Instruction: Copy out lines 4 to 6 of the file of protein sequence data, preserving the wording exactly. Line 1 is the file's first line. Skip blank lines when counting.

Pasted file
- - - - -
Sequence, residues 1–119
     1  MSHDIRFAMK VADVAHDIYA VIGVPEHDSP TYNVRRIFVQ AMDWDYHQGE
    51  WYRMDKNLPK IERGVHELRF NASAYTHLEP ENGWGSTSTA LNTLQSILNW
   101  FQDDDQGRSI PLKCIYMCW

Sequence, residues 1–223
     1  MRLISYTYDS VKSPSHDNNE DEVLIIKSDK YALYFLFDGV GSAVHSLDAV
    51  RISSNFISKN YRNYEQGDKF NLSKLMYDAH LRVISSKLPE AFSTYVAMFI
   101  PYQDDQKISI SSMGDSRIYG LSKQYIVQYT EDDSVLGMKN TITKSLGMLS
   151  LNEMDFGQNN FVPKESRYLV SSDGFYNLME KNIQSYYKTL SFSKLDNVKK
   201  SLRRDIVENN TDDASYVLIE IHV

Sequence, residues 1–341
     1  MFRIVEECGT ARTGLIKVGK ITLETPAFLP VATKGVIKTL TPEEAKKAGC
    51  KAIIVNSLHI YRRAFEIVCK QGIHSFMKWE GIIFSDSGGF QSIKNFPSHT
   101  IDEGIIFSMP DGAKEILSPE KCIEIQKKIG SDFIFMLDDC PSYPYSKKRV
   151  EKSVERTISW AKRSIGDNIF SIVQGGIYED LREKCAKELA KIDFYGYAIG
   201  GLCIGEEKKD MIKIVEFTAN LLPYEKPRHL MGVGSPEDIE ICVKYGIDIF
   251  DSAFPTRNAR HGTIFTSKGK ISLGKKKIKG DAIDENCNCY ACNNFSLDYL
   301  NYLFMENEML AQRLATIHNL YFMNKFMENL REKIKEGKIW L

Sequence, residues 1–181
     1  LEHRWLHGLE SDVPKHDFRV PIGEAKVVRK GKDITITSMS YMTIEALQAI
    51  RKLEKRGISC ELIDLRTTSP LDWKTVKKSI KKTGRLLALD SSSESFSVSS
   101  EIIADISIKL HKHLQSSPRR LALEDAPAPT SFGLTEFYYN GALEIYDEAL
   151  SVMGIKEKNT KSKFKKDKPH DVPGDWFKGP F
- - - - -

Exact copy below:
   101  FQDDDQGRSI PLKCIYMCW

Sequence, residues 1–223
     1  MRLISYTYDS VKSPSHDNNE DEVLIIKSDK YALYFLFDGV GSAVHSLDAV